I had a nice mother's day Sunday. The tradition at our house is that my husband and the kids cook dinner. And it's always good! My daughter also made a big banner with tracings of the kids' handprints, but also paw prints and tail prints from the animals. lol
I kept having people ask me if my son was going to call from El Salvador. Missionaries are allowed to call home at Christmas and on Mother's Day. But my son didn't say anything about it, and he has mentioned that he has one of the stricter mission presidents, so I thought maybe he wasn't allowed. But in his letter yesterday he mentioned that he would be calling last night. When we talked to him, he said that one reason he didn't call on Sunday was that they were busy with appointments and didn't have time. But another reason is that he had forgotten to buy a phone card, and didn't want to buy it on Sunday. I noticed on my calendar that Monday is Mother's Day in Mexico, and figured it was also the same in El Salvador, which it is. So technically he still called on Mother's Day. ;)
What we usually do is turn on the speaker phone so the whole family can talk to him. He bought a 50 minute phone card for $5.00! Wow, am I just not up with current technology, or is that cheap? And yes, we talked for the full 50 minutes. lol I'm glad the whole family was involved because everyone had different questions they wanted to ask.
It was nice to hear that his spanish accent has improved. lol I noticed in his letter that small spanish influences have creeped in to his English already. I served my mission in Taiwan, but that language is so different from English, that returning missionaries don't have much problem switching back to English. But the spanish speaking missionaries struggle a little. The words are just so close to English that it's hard to separate them in the brain. I have to admit though, even now, some 25+ years later, if I can't think of a word in English, my brain searches out the chinese section and finds it there. Then all I have to do is translate and I can think of the word. lol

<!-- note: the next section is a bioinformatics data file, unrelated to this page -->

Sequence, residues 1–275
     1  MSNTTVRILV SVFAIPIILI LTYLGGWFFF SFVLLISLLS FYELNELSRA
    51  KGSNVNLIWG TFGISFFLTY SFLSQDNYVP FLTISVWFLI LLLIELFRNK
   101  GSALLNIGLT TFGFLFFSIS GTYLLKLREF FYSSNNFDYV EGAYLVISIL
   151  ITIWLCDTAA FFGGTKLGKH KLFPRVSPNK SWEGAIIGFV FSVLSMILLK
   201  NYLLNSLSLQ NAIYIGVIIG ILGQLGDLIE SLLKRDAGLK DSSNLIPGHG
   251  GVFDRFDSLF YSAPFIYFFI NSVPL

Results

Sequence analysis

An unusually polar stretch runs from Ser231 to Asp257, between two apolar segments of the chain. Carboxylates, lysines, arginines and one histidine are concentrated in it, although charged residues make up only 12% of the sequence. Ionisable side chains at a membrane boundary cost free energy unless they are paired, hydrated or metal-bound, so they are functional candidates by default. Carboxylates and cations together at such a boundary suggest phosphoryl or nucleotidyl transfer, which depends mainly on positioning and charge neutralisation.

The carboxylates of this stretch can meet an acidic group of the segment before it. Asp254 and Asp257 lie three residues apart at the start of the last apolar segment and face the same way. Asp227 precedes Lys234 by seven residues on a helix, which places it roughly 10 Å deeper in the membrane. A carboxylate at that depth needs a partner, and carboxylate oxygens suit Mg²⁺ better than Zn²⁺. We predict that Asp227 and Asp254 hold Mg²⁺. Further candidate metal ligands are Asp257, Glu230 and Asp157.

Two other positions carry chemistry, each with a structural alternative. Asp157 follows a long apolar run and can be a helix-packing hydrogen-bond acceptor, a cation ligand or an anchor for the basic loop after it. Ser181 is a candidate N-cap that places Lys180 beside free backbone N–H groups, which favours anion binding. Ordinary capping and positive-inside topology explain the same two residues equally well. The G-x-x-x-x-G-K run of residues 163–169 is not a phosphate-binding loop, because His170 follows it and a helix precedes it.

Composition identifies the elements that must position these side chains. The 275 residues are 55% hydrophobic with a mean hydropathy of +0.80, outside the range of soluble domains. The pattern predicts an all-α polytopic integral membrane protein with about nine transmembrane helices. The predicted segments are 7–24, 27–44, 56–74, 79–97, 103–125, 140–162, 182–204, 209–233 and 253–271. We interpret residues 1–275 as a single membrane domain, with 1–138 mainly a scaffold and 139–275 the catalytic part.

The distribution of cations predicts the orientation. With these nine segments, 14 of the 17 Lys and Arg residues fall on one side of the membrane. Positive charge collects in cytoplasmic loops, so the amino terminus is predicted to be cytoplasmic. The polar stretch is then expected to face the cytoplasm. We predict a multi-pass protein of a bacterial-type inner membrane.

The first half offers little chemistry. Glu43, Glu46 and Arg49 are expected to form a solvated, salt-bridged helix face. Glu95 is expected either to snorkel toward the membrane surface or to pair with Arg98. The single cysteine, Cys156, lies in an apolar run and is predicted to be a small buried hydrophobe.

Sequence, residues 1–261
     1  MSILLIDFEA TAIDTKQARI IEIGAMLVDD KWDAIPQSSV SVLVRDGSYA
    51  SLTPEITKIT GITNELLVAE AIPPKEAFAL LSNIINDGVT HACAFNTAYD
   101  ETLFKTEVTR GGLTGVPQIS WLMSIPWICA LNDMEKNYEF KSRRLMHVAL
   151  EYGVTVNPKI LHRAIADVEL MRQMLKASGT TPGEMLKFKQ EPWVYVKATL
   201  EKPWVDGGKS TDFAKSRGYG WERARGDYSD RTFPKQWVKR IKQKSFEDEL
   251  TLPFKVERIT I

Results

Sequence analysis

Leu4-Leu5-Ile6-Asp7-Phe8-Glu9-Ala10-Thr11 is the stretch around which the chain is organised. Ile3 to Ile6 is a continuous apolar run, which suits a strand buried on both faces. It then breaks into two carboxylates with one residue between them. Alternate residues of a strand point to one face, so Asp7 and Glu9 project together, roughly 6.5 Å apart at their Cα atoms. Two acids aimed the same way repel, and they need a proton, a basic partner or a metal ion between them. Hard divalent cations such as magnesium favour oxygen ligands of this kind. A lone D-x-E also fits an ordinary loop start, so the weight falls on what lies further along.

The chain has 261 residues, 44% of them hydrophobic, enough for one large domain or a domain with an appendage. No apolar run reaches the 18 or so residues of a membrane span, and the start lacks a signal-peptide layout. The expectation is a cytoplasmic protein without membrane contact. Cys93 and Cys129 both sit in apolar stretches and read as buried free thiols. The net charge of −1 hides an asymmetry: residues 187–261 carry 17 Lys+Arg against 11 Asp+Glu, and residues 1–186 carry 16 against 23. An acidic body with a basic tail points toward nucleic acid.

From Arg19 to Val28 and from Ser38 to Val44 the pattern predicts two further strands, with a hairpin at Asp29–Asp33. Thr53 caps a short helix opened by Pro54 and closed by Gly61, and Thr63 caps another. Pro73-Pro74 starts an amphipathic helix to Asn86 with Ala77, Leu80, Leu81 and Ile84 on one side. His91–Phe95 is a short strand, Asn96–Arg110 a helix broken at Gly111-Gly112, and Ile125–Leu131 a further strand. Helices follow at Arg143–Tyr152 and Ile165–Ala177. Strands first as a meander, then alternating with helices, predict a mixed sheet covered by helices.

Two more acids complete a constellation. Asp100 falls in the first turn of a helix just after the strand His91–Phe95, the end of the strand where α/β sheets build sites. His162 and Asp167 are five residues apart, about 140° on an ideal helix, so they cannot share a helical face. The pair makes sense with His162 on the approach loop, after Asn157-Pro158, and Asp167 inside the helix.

I think some people find it odd that we would willingly send our son on a mission to a foreign country. As I've thought about this, I've felt that part of the reason, besides the religious reason, is that it is part of our Mormon culture. We grew up with brothers and sisters, or cousins serving in foreign countries. We we have known the mission rules from our childhood, so we know that missionaries don't call home, and parents don't go visit them. Having been a missionary myself, I totally understand the wisdom in this. It really help the missionary to leave his other life behind and focus totally on serving the Lord. Missionaries still write letters home though, and that helps keep the family ties strong. Sometimes I look at a mission like a tithe. We give up that 1 1/2 to 2 years of our life to the Lord, and then He blesses us emmensly in return. Most people refer to it as "the best two years of my life". I don't know that it was the best two years....marriage and children give that, but it ranks in the top years. :)